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The executive trying to bring credibility to carbon removal credits

Deep Sky's VP of carbon markets talks about what the industry needs to succeed

Charlie Renzoni, the vice-president of carbon markets at Deep Sky, hopes to bring more certainty to the fledgling industry of carbon offsets and removal. (Courtesy Deep Sky)

Innovators in carbon removal technology have caught the attention of the world as a tool to take on global warming. Sucking up carbon from the atmosphere or oceans is an intriguing, possibly essential technology for a better future.

But how can the public be sure a tonne of carbon removed will actually be a tonne of carbon removed? Skepticism has been raised about carbon offset programs, leading to demands for higher verification standards.

At Deep Sky, the Montreal-based carbon removal startup, vice-president of carbon markets Charlie Renzoni makes it his goal to ensure there is integrity behind the company's objective in removing carbon from the environment.

As a player in a nascent field, Renzoni said in an interview with Sustainable Biz Canada much work is needed to bring carbon removal to a high degree of trust and business viability.

“When you see headlines about carbon market illiquidity, or the fact that there is zero transparency in the market, it’s actually far worse I think than we realize. That excited me because it means opportunity, but it means we have even more to do to make sure we bring liquidity to market and we bring transparency to this market.”

From OMERS to Deep Sky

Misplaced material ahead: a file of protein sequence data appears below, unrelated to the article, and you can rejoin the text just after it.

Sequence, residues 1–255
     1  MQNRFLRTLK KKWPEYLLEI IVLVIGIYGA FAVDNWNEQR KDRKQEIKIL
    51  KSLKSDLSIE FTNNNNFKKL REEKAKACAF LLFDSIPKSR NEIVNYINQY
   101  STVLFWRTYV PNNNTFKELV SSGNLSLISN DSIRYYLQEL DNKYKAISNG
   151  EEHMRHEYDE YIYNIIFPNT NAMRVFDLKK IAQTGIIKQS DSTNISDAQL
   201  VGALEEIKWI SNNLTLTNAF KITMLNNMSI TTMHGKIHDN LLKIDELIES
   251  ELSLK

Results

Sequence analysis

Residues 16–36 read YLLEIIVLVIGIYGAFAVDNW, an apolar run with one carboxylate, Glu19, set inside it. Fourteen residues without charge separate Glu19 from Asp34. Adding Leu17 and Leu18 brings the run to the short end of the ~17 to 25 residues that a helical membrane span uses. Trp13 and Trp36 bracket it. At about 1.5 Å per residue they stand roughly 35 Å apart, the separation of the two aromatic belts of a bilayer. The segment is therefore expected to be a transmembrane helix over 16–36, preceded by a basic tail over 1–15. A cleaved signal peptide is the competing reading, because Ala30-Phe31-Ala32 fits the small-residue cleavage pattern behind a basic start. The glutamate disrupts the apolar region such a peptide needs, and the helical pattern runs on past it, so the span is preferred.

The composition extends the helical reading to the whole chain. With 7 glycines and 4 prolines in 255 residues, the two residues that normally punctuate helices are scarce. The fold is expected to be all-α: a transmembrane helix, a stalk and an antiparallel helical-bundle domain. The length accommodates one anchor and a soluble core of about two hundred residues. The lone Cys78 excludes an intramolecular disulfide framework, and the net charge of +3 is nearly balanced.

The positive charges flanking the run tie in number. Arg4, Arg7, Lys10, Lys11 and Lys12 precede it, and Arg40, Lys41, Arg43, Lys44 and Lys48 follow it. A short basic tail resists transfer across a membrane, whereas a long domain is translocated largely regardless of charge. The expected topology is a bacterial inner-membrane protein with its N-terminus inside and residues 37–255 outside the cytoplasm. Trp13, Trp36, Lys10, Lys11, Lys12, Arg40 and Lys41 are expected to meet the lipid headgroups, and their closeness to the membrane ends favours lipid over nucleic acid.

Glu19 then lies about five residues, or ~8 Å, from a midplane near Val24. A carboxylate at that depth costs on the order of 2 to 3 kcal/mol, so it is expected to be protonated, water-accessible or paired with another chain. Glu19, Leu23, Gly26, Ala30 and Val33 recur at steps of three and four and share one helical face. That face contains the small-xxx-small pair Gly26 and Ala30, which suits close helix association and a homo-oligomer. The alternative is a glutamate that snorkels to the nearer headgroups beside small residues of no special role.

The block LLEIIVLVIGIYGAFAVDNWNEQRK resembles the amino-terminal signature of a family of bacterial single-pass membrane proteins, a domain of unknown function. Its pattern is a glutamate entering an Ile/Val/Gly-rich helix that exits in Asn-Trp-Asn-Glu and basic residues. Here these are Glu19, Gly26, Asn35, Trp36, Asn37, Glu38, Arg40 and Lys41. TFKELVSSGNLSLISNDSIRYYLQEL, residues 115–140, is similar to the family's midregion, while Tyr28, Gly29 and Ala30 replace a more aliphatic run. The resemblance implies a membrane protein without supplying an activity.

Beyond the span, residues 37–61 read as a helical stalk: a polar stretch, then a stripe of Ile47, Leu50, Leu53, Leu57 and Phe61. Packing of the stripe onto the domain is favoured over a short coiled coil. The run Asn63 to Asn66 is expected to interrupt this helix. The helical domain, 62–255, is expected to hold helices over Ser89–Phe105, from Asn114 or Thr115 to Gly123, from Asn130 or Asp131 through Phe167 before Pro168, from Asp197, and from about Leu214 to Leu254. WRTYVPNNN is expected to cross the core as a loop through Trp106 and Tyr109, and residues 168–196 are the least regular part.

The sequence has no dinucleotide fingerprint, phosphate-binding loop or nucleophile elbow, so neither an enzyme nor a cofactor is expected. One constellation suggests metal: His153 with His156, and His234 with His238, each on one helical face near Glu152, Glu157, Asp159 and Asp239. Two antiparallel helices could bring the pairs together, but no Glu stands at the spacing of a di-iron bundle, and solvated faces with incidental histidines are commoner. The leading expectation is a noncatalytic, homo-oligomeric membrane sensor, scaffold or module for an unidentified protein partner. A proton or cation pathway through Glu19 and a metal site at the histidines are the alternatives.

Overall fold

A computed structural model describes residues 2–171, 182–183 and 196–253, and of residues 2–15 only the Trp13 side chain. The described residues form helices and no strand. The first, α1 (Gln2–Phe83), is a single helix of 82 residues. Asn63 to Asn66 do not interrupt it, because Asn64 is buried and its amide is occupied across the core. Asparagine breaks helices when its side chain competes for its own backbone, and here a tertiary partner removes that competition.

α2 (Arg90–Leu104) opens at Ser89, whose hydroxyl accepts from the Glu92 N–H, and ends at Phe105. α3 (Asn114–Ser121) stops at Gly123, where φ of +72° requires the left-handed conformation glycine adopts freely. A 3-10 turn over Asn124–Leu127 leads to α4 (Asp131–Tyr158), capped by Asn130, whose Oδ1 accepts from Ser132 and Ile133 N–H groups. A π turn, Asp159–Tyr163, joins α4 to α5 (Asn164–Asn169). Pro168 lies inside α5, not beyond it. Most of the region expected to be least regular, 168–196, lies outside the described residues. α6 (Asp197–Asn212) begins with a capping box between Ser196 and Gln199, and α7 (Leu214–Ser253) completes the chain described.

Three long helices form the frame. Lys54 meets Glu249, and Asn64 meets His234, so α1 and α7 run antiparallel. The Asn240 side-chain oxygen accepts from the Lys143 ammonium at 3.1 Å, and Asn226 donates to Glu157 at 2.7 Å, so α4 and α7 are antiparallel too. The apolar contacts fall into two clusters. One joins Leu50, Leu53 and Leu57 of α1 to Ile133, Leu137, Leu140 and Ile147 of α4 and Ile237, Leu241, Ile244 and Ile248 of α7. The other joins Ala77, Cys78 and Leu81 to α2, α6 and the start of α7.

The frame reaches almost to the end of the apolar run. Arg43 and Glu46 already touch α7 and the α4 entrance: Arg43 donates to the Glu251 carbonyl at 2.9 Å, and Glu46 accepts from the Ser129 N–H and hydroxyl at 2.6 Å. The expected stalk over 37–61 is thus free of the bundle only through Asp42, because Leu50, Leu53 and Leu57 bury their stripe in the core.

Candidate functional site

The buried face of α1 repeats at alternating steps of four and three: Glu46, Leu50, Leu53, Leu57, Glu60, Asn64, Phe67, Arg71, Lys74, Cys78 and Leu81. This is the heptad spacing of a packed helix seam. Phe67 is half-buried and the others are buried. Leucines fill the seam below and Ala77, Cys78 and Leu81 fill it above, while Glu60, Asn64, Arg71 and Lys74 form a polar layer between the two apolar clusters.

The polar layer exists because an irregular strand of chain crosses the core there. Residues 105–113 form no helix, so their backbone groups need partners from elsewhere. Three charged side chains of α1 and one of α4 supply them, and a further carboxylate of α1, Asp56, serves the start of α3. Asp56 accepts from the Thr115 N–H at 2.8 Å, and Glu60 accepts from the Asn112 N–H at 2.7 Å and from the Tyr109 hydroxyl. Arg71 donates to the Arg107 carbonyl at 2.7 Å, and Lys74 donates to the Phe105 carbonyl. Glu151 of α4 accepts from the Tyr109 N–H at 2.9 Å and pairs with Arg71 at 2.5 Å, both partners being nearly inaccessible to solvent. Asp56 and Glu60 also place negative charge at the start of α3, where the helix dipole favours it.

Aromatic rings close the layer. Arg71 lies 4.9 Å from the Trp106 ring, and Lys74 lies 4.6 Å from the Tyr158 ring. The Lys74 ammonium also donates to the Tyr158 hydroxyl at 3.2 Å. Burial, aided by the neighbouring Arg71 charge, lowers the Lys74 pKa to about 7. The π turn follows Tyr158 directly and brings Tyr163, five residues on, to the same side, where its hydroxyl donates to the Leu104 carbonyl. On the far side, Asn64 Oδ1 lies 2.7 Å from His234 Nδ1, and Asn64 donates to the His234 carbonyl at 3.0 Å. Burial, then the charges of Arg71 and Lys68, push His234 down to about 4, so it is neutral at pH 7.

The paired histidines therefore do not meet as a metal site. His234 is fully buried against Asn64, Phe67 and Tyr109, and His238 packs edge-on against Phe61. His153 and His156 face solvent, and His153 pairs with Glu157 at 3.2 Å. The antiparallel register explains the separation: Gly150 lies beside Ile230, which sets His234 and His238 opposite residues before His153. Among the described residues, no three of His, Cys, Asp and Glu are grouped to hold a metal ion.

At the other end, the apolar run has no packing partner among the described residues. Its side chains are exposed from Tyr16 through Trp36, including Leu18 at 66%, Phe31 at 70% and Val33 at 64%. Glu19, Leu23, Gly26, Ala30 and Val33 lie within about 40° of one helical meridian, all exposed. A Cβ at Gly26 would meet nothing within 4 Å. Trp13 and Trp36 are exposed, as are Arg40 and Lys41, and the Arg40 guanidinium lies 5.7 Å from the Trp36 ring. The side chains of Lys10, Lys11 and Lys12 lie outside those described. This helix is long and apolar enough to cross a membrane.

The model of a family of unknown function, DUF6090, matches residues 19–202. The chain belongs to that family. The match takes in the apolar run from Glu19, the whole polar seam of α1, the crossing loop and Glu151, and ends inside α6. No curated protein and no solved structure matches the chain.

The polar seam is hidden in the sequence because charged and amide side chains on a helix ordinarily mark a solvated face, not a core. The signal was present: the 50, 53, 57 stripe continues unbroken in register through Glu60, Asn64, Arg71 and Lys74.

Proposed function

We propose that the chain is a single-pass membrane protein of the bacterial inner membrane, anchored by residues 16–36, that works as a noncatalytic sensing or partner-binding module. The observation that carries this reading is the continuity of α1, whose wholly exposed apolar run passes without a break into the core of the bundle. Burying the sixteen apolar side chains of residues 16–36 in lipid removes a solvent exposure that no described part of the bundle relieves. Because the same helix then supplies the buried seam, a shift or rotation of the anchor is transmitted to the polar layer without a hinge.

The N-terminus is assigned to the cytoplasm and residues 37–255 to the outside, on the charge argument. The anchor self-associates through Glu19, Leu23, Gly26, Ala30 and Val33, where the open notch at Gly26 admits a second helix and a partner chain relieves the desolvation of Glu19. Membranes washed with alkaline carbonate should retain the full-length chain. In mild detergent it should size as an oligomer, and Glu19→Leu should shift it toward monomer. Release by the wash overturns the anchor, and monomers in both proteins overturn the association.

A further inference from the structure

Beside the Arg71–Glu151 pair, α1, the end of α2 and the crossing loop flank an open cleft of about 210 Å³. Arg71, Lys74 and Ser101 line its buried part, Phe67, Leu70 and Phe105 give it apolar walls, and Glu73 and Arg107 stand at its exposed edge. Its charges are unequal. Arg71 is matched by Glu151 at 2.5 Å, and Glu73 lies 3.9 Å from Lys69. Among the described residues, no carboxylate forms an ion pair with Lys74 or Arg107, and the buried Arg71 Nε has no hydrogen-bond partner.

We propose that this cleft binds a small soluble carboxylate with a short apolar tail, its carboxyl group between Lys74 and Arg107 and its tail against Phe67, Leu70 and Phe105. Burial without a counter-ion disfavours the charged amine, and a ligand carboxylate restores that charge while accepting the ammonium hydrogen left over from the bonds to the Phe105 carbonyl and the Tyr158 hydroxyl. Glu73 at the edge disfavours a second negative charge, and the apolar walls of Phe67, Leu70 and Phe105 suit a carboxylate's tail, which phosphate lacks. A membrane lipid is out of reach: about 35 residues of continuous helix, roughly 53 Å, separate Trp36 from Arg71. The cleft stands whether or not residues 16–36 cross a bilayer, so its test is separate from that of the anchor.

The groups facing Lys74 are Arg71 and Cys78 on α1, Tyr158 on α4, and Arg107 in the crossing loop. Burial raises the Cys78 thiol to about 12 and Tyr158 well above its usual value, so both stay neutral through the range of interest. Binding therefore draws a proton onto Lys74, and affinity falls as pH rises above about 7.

Like company CEO Damien Steel, Renzoni joined Deep Sky from pension fund Ontario Municipal Employees Retirement System (OMERS). At OMERS, he led North American fintech and climate deals at the fund's venture capital wing, working with firms ranging from small businesses to multi-billion-dollar companies.

Renzoni helped guide investments into companies like Toronto-based Manifest Climate and met with carbon removal firms such as B.C-based Carbon Engineering. Climate risk was raised as a concern at OMERS, and he was told renewables would not scale up quickly enough to meet 2030 climate targets. Renzoni came to believe carbon removal and carbon offsets are “mandatory in those net-zero-time horizons.”

When he learned about Deep Sky, he devised some concepts for carbon credit distribution as an advisor, then was given the opportunity to join the company.

Renzoni was convinced to join Deep Sky because of the experience of its leadership. Deep Sky’s co-founder Fred Lalonde is the CEO and co-founder of popular travel app Hopper. Deep Sky’s co-founder Joost Ouwerkerk and chief carbon scientist Phil De Luna bring extensive backgrounds in science and engineering.

“If I learned one thing from venture capital,” Renzoni said, “if you find the right team in a market, you jump on the opportunity.”

Calculating carbon